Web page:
The R2R team is very excited about our featured partner duo for March – Dr. Natalie Taylor and Dr. Janet Long. Drs. Taylor and Long are investigating the reasons that less than half of NSW bowel cancer patients in Australia are referred for Lynch syndrome screening – a genetic test that helps identify those at higher risk of developing certain forms of cancer. They are specifically looking at the provider behavior, needed changes, and barriers healthcare providers face in referring these patients. Scroll down to read more about their motivations and experiences working on this project!
Dr. Natalie Taylor
Natalie Taylor is a health psychologist by background, working in health systems research and studying improving healthcare. Natalie has particular expertise in health and organisational behaviour change, human factors, patient safety, and measurement. She completed her PhD at the University of Leeds, UK, in the area of health behaviour change. Natalie's most recent work focused on bringing behaviour change and implementation science concepts together to achieve improvements in NHS clinical contexts, and was undertaken as part of her role as a research fellow at the Bradford Institute for Health Research, UK. As part of this role she also led the development of an intervention to prevent childhood obesity in Bradford, as part of the BIB 1000 project.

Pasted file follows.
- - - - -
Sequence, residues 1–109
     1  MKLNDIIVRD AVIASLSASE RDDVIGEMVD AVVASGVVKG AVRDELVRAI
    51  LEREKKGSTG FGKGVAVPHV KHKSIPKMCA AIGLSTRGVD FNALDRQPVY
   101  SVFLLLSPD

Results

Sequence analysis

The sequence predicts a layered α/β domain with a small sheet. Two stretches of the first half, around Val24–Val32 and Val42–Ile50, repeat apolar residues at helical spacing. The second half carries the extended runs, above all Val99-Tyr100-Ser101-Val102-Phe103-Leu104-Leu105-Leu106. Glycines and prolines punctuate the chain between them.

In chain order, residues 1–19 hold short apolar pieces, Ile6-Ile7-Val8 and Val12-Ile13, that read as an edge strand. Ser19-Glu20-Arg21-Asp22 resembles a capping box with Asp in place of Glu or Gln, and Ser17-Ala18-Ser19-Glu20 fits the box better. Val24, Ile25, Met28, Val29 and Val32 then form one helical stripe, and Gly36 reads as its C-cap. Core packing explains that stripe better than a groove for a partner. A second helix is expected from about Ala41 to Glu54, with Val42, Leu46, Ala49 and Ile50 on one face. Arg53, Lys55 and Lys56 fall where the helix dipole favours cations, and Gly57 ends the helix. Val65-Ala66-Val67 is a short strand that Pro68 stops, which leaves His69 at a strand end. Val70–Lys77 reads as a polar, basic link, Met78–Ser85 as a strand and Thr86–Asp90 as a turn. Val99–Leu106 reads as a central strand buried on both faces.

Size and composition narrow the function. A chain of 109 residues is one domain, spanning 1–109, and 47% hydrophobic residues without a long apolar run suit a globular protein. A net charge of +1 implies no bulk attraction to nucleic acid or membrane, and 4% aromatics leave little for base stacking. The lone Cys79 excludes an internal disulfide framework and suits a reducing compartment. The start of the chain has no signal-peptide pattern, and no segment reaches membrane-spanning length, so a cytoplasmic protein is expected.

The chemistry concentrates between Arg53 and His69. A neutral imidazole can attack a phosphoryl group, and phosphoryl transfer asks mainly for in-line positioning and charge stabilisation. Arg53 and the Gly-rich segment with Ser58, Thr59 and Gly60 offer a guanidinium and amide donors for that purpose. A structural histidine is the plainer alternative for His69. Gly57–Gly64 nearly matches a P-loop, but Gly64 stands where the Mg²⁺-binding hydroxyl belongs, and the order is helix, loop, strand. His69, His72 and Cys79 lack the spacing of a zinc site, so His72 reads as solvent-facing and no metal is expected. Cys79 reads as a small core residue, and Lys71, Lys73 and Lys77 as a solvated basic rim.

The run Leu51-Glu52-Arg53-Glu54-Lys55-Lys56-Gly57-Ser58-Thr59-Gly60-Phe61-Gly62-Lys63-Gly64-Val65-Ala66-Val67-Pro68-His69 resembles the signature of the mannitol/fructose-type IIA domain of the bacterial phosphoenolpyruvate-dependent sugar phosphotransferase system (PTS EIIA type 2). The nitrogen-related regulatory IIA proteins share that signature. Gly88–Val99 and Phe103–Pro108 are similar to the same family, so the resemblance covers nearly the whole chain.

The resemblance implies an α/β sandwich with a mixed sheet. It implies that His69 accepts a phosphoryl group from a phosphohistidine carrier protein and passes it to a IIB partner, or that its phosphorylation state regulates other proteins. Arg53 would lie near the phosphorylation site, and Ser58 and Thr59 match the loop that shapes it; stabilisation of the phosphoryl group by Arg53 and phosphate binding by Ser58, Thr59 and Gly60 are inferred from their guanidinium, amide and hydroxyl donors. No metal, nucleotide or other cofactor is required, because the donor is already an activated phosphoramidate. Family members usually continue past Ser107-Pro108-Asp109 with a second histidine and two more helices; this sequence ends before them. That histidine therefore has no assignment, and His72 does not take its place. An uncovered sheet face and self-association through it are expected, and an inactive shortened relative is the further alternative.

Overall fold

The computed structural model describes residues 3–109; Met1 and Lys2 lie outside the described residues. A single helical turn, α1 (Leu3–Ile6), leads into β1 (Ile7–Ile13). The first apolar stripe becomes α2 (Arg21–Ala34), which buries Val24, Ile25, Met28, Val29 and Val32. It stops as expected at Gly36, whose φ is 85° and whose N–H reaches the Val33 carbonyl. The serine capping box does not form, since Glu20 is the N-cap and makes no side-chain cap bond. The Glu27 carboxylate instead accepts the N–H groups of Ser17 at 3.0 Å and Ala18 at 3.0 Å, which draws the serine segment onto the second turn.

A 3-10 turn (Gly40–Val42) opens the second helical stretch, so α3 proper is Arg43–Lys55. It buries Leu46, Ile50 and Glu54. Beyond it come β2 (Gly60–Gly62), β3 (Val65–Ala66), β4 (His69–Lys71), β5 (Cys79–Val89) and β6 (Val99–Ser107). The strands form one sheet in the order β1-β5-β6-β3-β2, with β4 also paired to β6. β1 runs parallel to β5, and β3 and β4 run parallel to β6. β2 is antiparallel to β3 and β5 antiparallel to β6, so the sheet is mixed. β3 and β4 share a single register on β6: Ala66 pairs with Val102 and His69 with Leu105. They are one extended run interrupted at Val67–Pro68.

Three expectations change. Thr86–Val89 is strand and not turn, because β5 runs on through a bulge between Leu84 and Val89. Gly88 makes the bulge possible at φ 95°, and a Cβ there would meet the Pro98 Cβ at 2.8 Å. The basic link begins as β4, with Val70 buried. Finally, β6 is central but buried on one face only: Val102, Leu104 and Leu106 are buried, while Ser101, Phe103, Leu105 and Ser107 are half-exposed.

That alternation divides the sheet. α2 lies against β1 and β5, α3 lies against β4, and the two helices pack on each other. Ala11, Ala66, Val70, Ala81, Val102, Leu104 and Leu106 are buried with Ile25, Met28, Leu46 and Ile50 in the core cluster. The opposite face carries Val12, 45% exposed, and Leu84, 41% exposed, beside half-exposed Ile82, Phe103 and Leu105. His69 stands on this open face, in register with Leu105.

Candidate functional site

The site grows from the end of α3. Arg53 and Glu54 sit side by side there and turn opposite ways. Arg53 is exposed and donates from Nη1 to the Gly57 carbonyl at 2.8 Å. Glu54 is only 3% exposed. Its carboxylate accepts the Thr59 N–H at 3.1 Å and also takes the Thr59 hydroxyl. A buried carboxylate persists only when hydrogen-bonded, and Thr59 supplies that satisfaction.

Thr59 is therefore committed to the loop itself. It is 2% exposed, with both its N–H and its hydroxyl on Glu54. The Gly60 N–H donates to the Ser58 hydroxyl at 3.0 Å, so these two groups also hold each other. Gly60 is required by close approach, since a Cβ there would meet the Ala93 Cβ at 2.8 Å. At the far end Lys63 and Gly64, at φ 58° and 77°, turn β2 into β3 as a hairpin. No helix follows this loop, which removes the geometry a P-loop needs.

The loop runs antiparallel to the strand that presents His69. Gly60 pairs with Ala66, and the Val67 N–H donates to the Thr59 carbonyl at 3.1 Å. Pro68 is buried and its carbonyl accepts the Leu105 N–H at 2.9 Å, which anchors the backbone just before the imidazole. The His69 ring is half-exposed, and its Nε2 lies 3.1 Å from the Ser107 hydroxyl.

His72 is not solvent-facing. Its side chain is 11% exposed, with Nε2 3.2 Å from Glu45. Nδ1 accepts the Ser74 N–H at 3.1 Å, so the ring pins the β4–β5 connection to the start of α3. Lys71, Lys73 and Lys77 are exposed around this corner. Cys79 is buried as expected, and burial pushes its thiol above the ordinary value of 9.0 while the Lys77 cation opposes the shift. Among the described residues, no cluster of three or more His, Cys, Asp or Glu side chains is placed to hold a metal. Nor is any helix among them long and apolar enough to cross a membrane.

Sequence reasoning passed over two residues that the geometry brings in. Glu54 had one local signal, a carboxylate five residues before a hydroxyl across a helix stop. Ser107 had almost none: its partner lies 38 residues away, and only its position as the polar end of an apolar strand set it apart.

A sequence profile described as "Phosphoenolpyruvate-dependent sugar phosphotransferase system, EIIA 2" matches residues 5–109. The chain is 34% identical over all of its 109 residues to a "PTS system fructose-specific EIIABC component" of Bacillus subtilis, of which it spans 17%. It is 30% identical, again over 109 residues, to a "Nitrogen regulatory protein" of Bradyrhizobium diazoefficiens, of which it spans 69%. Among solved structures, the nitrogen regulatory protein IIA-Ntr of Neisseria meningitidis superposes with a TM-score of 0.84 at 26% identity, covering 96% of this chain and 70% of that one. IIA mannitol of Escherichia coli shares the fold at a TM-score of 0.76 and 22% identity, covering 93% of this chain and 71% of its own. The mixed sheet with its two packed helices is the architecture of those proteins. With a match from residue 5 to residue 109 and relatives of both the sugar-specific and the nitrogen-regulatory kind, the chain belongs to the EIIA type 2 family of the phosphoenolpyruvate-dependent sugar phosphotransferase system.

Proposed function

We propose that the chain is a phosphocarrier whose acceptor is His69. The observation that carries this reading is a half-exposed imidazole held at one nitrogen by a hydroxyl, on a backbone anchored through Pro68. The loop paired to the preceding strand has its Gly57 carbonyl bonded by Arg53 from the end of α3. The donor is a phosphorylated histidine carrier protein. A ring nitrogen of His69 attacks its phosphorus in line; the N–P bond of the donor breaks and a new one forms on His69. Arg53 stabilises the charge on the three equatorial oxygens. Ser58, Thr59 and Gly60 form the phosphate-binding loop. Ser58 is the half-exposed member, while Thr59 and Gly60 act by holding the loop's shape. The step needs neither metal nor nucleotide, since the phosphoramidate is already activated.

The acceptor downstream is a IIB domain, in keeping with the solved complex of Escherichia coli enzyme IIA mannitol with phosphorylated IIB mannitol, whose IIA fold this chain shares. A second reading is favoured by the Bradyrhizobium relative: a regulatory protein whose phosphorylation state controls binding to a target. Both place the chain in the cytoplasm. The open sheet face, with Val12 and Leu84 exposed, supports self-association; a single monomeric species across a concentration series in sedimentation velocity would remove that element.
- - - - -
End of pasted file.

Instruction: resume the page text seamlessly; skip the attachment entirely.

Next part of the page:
Natalie's current role is to contribute to a program of research in implementation science, particularly focused on the AIHI's five year NHMRC program grant: Creating safe, effective systems of care: the translational challenge, conducting research into health systems improvement.
Dr. Janet Long
I am a health services researcher with interests in knowledge translation and social and professional networks. I have a range of quantitative and qualitative research skills including social network analysis, interviewing, focus groups, survey design and administration and analysis of continuous variables. Originally trained as a general registered nurse I have had a wide experience of patient care and management in acute care, theatre, outpatient, mental health, residential and community settings as well as clinical teaching. A career change at one point led to a science degree and research into effects of climate change on Australian native plants and invasive plants. Returning to nursing, my last clinical role was as a CNC at Sydney Hospital / Sydney Eye Hospital.
My PhD, with Jeffrey Braithwaite at UNSW, used social network analysis to evaluate how a new translational research network increased collaborative links across hospital and university silos. Currently I am working with two research groups: one implementing new understandings of best practice into community health services for people with a spinal cord injury, and one with the Translational Cancer Research Network (TCRN) looking at barriers to referrals for people suspected of having Lynch syndrome, a hereditary condition that puts one at high risk of cancer.